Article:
So, how did Netflix do it?
First, delivering digital versions of films over the Web is far cheaper than shipping physical discs. As Netflix users have opted to watch more streaming movies and receive fewer DVDs delivered by mail, the company has been able to trim postage and DVD acquisition costs.
What's more, Netflix didn't just throw money at the content acquisition problem. In January, the Los Gatos, Calif., company agreed not to rent any new releases from Warner Bros. Studios for 28 days to help protect that shop's DVD sales. The thinking was that if discs weren't available for rent, people would be more inclined to buy them. In exchange, the studio agreed to license more titles for Netflix's streaming service.
"In order for Netflix to continue to thrive, they are going to have to cut the studios a bigger piece of pie."
--Michael Pachter, security analyst
Clever horse-trading and old-fashioned cash payments are important because Netflix likely needs the studios more than they need Netflix. Film industry managers aren't going to hand over premium content for less than what they're getting from the cable companies, said Michael Pachter, a financial analyst at Wedbush Morgan Securities.
"The studios have to be thinking, 'We're getting 50 percent of revenue from HBO,'" Pachter said. "Netflix's streaming service is only paying something like 30 percent of revenue. In order for Netflix to continue to thrive, they are going to have to cut the studios a bigger piece of pie."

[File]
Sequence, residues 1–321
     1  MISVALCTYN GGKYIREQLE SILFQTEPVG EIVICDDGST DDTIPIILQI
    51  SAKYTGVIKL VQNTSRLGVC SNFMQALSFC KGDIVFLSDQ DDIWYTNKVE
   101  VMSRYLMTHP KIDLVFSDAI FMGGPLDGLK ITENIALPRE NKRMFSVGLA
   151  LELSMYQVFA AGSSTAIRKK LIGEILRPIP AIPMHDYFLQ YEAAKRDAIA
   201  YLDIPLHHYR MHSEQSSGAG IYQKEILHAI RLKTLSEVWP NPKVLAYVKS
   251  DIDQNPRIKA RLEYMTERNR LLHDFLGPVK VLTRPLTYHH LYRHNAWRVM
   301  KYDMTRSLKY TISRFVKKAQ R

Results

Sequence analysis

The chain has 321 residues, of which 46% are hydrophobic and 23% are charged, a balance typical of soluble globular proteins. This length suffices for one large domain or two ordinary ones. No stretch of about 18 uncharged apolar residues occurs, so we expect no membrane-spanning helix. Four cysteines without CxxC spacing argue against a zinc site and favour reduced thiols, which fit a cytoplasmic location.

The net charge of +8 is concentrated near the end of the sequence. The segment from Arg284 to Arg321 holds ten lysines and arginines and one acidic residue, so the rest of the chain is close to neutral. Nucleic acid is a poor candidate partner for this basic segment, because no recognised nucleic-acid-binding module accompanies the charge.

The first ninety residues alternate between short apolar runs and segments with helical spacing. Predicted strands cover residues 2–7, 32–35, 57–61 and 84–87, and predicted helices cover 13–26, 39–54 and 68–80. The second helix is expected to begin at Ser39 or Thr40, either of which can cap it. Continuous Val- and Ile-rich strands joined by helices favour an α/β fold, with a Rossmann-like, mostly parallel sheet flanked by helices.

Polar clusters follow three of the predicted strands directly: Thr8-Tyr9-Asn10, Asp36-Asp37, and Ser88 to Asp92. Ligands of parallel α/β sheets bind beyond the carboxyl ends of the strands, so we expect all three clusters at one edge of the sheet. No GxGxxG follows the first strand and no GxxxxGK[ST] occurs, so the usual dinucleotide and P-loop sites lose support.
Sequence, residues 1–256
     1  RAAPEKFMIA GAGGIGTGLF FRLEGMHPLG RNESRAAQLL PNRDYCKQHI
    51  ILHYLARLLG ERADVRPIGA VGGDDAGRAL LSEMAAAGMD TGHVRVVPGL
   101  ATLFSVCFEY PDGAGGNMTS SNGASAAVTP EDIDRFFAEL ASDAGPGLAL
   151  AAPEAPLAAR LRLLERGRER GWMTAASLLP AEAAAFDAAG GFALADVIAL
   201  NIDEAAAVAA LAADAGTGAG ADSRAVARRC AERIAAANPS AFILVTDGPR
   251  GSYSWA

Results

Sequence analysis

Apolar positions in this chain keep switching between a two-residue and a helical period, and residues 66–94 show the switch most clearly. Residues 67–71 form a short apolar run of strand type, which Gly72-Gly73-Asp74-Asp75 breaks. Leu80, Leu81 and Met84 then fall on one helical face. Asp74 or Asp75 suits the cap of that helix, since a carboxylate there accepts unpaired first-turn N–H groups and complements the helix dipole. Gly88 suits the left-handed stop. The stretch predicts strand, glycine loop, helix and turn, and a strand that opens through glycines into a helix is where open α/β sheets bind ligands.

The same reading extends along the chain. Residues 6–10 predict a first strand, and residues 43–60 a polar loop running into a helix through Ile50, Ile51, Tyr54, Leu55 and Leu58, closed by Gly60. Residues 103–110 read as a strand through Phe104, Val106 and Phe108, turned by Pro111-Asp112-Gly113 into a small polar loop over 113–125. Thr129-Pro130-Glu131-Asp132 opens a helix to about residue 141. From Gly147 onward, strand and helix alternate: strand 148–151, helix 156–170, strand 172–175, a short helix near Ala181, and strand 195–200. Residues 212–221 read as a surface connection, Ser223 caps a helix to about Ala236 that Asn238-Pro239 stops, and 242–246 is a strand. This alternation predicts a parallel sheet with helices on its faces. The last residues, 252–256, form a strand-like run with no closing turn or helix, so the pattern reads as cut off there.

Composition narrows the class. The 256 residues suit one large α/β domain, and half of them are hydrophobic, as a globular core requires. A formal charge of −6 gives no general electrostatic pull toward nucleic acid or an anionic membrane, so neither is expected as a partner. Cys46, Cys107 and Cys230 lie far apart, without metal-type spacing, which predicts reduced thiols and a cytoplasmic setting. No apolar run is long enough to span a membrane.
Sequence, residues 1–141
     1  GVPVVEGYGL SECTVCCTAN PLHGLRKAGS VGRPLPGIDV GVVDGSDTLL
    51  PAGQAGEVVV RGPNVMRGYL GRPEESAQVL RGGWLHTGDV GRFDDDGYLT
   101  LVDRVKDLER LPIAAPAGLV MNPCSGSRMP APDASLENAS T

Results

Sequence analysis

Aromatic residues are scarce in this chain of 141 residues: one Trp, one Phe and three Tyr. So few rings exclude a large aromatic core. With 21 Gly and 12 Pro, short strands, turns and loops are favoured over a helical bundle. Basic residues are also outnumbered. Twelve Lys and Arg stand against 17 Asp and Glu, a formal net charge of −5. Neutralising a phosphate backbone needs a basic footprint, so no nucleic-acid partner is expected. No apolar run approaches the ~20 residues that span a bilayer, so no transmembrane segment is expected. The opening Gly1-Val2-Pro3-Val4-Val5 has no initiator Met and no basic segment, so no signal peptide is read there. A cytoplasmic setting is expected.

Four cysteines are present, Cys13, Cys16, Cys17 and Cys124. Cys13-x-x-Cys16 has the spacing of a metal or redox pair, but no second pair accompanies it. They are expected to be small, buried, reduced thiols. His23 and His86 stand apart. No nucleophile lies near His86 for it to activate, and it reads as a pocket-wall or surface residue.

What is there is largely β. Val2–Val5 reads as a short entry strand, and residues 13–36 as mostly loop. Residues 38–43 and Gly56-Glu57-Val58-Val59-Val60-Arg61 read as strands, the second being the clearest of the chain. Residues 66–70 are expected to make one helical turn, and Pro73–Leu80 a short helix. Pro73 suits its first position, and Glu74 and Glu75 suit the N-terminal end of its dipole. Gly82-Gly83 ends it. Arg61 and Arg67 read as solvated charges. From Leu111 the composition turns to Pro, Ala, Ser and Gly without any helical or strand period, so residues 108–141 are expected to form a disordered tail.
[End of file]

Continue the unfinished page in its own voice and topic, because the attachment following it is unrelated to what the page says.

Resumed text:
That, of course, could make investors nervous, because spending bigger with the studios could cut into Netflix's profits. But at some point, the studios may end up courting Netflix as enthusiastically as its executives are now courting them.
None of Netflix's competitors has managed to move Web video content from the PC to subscribers' TV sets as elegantly. Netflix cut numerous deals with set-top makers such as Roku, Microsoft, LG, Sony, and Nintendo, just to name a few. This has apparently made Netflix more attractive to consumers.
Last week, the company reported that subscribers who watched at least 15 minutes of streaming content in the second quarter grew 61 percent, up from 37 percent in the year-ago period. From June 2009 to the same month this year, Netflix added nearly 5 million subscribers, a 42 percent increase. By the end of this year, the company said it could have as many as 18.5 million subscribers.
Sometime next year, Netflix will likely top the 20 million subscriber mark, making it a peer to Comcast, the nation's largest cable company, with 24.6 million cable TV subscribers. Comcast, which reported earnings of $3.6 billion for 2009, still dwarfs Netflix, with its $115 million in earnings for last year. But when it comes to eyeballs, there won't be that big of a difference.
"It took Netflix how long to reach 20 million subscribers?" asked one film studio executive, who was referring to the 12 or 13 years the company took to reach the mark. "Now look at how long it took Comcast to reach 20 million customers. You don't have to look, 'cause I can tell you: it took like 20 years."
Update, 12:30 p.m. on Friday:This story has been updated to reflect Netflix's note that the numbers in its earnings report under "acquisition of streaming content" and "acquisition of streaming content" are part of the company's cash flow statement and do not give the full picture. These numbers represent spending for content that gets capitalized on the company's balance sheet and may not include such items as revenue-sharing deals with the studios.